Indeed, the identity of Neo-Seoulites as one primarily of consumer rights, as opposed to the social role-based duties of woman, man, student, or even national member, has already been born.It is important to understand that many Koreans see themselves as consumers first, with everything else being secondary.In a recent commercial From KB Bank,Watchers are Instructed to live out their precious youth (of their credit card), live according to their dreams (and their credit card), what they want to eat, and whatever they want to do, with the idea that there need be no limitations on those things because of the power of their credit card. Such ideas and marketing campaigns would be unremarkable in any consumer capitalist country in the world save for the fact that it hasn't been too long since consumerism and personal consumption were seen as antithetical to the interests of the nations development and something to be avoided by good, responsible citizens. Interestingly, the young consumers depicted in the commercial are shown as either the hero or star of their life narratives in a social sense, and are shown either enjoying themselves immensely or increasing their social capital through the act of consumption, which just so happens to be enabled by the KB bank credit card. This most obviously comes together in one of the final scenes of the short advertisement, In which the young man rolls out his own red carpet and takes a bow to the applause of his workmates and friends even as confetti floats down to punctuate the accolades he is receiving for simply being so good as to use his credit card to perhaps buy delivery fried chicken for his colleagues for one of the frequent snack breaks that are commonly taken in the Korean officeplace.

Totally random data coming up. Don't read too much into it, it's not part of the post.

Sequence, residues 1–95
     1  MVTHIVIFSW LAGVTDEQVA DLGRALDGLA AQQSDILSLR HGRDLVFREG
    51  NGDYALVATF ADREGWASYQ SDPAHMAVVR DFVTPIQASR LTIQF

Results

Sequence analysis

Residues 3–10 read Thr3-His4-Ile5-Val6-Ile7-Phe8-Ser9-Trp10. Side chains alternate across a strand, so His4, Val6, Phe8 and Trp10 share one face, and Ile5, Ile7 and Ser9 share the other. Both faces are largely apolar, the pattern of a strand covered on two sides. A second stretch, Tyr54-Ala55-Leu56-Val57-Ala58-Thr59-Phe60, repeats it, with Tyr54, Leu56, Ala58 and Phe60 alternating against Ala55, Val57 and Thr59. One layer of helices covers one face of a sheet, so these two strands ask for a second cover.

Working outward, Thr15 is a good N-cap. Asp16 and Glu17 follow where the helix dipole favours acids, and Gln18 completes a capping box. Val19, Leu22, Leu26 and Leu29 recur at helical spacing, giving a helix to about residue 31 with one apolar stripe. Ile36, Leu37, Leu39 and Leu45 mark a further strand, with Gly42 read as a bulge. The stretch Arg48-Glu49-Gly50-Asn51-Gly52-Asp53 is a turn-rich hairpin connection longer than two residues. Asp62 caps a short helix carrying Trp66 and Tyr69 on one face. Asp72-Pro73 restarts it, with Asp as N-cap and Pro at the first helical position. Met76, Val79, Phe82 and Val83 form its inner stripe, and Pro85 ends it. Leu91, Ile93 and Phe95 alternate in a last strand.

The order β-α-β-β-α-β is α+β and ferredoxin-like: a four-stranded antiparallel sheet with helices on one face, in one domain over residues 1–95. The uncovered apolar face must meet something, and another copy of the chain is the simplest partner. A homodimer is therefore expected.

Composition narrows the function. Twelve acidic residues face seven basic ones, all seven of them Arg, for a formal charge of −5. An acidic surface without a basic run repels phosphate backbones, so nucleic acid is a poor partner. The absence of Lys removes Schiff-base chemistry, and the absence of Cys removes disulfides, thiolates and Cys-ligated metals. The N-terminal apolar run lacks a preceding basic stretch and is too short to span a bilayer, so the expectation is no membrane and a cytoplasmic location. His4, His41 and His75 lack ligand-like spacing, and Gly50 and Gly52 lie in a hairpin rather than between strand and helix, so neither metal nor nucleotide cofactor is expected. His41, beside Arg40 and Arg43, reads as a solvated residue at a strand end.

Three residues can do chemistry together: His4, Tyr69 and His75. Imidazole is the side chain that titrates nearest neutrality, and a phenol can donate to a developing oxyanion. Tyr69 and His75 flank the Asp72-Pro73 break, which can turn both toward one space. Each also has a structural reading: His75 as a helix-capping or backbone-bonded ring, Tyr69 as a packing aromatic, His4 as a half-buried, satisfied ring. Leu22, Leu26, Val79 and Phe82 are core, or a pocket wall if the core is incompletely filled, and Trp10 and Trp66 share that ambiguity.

Such a sight would have seemed selfish and irresponsible in a development-era Korea possessed of a single-minded concern for development, growth, and international recognition, which are all primal urges from since before the nation had even regained its own autonomy. Until around the 1980s, consumption and an inflated sense of self as realized in the inherently selfish desire to consume for consumption's sake, were seen as threats to the interests of the nation. Then, amidst the government's austerity campaigns, consumption was at odds with the responsibilities of good citizenship; now, not only is consumption its handmaiden, but consumption itself has become the primary basis of identity for modern Koreans. One can scarcely imagine social interaction or any kind of normal social participation without it. Indeed, it has become the primary basis for understanding oneself as a Korean.
Relevant readings to teach this post:
“From Strange Bitter Concoction to Romantic Necessity: The Social History of Coffee Drinking in South Korea,”
Korea Journal (Summer,2005), 37-59.
“Idol republic: the global emergence of girl industries and the commercialization of girl bodies”
Journal of Gender Studies
Volume 20, Issue 4, 2011
Special Issue: Feminisms, sex and the body